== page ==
The experience aims to deepen visitors understanding of the climate and biodiversity crisis that we are facing on a local level and encourage them to participate in change through social activism.

The funding, secured from MGS’s Museum Development Fund, will allow the museum to install displays developed with sustainability in mind using content created by curators from Culture Perth and Kinross in partnership with the Cateran Ecomuseum. 

Creating the new facility will involve working directly with the community in Alyth to create a sustainable and vital future for Alyth Museum and the collection relating to the area. The funding will also provide a base from which the Cateran Ecomuseum can inform visitors of their annual engagement programme.

Clare Cooper, co-founder and co-director of the Cateran Ecomusuem, said, “We are delighted to have this opportunity to work with Culture Perth & Kinross to develop Alyth Museum into an interactive orientation base for the Ecomuseum, especially given our focus on mobilizing heritage for climate action. Not only will this provide a valuable service to both local people and visitors interested in experiencing the 1,000 square kilomteres of natural and cultural heritage that our ‘Museum Without Walls’  promotes, it will also be a transformative project for the Alyth Museum, raising its profile and enabling it to promote the key role that heritage has in the climate and biodiversity crises we face.”

Russell Willis Taylor, Secretary, Alyth Development Trust, said, “The beauty of our natural surroundings is treasured by all of us. It contributes so much to the character and welcoming nature of our town.  The Cateran Ecomuseum is an innovative and successful project that helps all of us see, understand and protect this irreplaceable and sometimes fragile natural heritage. Having a “portal” into the work of this ‘museum without walls’ inside our own museum ‘within walls’ is important for both museums and all of us who love this area.  The Alyth Development Trust is delighted to support the Ecomuseum and to see the revitalisation of the Alyth Museum in our town square as part of the rebuilding and recovery after Covid”.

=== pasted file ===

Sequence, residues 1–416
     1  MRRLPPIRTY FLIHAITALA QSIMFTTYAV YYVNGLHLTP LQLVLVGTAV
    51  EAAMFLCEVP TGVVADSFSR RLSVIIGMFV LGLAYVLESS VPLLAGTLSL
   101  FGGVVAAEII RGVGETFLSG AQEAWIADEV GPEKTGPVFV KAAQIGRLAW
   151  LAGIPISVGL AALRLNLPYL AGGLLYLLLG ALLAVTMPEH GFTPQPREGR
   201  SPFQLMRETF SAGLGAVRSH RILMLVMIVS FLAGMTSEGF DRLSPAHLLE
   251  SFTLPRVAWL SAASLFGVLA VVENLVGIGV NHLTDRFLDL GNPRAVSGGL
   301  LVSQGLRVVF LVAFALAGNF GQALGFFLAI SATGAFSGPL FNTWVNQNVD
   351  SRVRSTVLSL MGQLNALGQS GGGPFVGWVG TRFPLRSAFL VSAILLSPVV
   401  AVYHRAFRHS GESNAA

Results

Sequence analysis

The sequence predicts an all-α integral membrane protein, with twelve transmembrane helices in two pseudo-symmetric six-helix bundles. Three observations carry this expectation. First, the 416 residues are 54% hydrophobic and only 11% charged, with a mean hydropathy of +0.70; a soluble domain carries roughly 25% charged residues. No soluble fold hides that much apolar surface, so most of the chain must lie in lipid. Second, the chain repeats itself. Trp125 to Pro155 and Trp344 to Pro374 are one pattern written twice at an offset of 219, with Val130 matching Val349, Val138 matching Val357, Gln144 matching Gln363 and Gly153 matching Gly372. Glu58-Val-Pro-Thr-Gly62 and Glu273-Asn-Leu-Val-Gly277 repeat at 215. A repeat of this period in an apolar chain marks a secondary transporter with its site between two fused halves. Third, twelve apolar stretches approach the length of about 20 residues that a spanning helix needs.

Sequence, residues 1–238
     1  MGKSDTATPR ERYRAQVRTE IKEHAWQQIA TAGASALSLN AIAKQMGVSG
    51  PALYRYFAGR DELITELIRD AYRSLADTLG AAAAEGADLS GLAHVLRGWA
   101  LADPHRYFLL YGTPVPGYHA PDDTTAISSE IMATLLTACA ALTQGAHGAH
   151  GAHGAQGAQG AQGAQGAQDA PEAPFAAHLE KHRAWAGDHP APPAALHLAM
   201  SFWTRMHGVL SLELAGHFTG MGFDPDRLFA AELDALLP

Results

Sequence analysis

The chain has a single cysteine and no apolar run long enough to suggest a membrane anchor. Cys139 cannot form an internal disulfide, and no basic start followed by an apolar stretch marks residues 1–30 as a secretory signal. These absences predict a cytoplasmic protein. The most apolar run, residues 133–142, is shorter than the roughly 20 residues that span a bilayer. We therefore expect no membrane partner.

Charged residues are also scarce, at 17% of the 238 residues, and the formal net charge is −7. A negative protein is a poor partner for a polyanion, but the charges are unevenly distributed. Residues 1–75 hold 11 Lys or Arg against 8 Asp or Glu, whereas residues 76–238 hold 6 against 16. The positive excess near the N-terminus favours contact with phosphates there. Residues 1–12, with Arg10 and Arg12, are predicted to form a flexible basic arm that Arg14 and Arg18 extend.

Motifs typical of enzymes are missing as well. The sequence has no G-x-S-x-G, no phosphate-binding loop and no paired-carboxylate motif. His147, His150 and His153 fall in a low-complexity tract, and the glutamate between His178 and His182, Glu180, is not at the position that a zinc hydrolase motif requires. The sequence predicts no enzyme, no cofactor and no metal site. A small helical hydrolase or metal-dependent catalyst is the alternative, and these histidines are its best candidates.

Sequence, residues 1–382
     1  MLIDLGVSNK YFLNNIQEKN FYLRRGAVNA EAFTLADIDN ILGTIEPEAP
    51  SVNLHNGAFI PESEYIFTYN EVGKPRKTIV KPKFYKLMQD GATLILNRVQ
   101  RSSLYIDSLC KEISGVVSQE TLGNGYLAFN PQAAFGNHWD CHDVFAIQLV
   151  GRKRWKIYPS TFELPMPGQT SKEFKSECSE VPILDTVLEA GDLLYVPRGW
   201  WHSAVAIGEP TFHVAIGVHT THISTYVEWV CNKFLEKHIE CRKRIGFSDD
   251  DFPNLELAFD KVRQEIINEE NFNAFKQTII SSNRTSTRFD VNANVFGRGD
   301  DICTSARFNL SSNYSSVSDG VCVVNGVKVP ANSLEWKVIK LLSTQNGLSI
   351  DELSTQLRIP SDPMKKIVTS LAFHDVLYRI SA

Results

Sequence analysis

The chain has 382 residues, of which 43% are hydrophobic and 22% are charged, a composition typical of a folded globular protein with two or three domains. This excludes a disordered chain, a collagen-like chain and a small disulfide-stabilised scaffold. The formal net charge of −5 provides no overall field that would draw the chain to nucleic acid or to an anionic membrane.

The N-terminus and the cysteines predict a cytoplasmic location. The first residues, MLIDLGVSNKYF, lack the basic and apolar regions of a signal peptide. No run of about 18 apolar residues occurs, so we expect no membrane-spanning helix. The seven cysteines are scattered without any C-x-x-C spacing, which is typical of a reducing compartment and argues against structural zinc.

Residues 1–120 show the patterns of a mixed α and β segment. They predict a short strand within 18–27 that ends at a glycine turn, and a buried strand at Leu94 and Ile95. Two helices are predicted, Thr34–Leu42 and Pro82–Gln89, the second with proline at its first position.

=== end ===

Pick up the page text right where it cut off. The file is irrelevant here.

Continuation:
Rhona Corbett, Head of Culture and Heritage at Culture Perth and Kinross added “We’re absolutely delighted this funding has been secured from Museums Galleries Scotland. Working closely with the Cateran Ecomuseum and the local community has been a pleasure, and we’re looking forward to developing the next stage of this partnership by creating the orientation base at Alyth Museum and engaging visitors in discussions around the climate and biodiversity crisis that we are facing as a society on a local level

Successful AGM

We had a great AGM last night, with attendees from all across Alyth. If you weren’t able to join us, don’t worry – you can still download the AGM papers here: https://lovealyth.org.uk/about-alyth-development-trust/annual-general-meeting-2021/, including the minutes of the 2020 AGM, the 2020/21 annual accounts, and a review of the year’s activities. We hope you enjoy it!

https://lovealyth.org.uk/wp-content/uploads/2021/09/AGM-2021-SLIDESHOW.pptx

REMINDER: AGM this Thursday, 16 September

Don’t forget – you and your family, friends and colleagues are cordially invited to our 2021 AGM on Thursday 16th September 2021 at 7.00pm via Zoom. Everyone is welcome.

There will be updates on our projects and funding, and information on how the community can get involved.   We really hope you can join us and we look forward to seeing you there.  If you’d like to join the Zoom session, or you have any questions in the meantime, email us at alythdevelopmenttrust@gmail.com, or message us on Facebook: www.facebook.com/AlythDevelopmentTrust 

You can find the papers for the meeting here: https://lovealyth.org.uk/about-alyth-development-trust/annual-general-meeting-2021/, including:

  • Agenda
  • Minutes of last year’s AGM (2020)
  • Proxy Voting Form (if you are a member who cannot attend this year)